PEOPLE in Reading are outraged after the Banksy mural on the wall of Reading Prison was defaced.
The artwork, which appears to depict a prisoner escaping with a typewriter, appeared on the outer wall of the empty Victorian prison two weeks ago.
Banksy took credit later that week, but on March 16 people woke to find that vandals had covered the typewriter with red paint and written ‘Team Robbo’ underneath.
Reading Borough Council, which wants to buy the Grade II listed prison and turn it into an arts and cultural centre, said it’s “hugely disappointing”.
Robbie Hiller, 30, from Pangbourne, went down to the prison with washing up liquid and laundry detergent to try and scrub some of the red paint off, before security guards told him to stop.
“I was absolutely gutted when I saw what had happened,” he said.
“I know the Banksy story but it doesn’t give people the right to do this. To see this is horrendous.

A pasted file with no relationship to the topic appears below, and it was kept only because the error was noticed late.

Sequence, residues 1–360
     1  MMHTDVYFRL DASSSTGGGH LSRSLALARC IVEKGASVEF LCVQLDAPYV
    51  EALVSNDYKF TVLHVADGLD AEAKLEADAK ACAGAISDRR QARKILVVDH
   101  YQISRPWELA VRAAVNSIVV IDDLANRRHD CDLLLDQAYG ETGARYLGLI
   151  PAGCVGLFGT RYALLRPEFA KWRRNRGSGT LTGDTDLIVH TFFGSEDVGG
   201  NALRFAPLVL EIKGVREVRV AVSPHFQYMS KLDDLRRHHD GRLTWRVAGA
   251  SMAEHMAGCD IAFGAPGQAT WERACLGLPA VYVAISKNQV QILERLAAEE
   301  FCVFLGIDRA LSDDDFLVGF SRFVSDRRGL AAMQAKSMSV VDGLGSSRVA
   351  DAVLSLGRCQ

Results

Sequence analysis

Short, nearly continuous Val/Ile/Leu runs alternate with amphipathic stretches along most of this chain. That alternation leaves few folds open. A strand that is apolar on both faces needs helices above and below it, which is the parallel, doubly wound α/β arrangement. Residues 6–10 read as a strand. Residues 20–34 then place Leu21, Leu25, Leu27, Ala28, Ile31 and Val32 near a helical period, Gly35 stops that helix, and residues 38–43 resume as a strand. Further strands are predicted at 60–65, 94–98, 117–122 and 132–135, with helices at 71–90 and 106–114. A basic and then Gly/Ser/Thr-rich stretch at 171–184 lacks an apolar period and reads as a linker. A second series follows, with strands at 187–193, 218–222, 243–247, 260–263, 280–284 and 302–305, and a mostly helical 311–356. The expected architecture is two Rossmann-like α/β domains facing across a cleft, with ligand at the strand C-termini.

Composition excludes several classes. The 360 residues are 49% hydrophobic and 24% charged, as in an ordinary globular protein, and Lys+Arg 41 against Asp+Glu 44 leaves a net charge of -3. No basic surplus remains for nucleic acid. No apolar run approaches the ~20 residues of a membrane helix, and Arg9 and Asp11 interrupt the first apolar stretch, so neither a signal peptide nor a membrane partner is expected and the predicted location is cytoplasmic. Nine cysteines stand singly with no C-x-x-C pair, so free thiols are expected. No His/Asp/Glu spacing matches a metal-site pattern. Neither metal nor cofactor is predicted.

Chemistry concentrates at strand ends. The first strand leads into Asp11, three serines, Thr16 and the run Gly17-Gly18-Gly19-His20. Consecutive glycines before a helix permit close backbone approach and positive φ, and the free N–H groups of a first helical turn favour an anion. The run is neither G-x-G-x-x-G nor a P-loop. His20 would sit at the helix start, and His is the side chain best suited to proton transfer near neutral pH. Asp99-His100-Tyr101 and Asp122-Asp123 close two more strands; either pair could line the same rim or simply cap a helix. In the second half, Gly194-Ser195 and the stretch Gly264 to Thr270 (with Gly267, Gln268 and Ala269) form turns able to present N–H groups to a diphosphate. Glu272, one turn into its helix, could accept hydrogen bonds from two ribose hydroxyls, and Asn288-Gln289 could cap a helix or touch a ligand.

“I grabbed stuff from home and came down after I heard a cleaning guy on BBC Radio Berkshire, who explained what to do.
“I thought I would come down and have a go, but I’m hoping someone else will sort out the typewriter – I won’t be able to do that.”
The new graffiti appears to refer to the famous street artist King Robbo, who had a long-standing feud with Banksy.
It began in 2009, when Bansky was accused of painting over a King Robbo mural next to Regent’s Canal in Camden.
The artist, whose real name is John Robertson, died at the age of 45 in 2014 three years after suffering a severe head injury outside his flat in London.
Cllr Jason Brock, leader of the council, said: “How anyone can somehow think this is acceptable is completely beyond me, even if this is an extension of a historic feud, as is being suggested.
“There is understandable anger across the town today.
“The vacant Reading Goal site, including the perimeter wall which Banksy’s artwork is on, is private land owned by the Ministry of Justice.
“When the original artwork appeared, the council made contact with the Ministry of Justice to ask it to make suitable arrangements to protect the image.
“We will now be contacting them again to see what action it intends to take.
“I’ve seen many people supporting the idea of restoring the artwork, which I also back in principle.
“As long as the site remains in the Ministry of Justice’s ownership, however, they would need to take the lead in facilitating this.”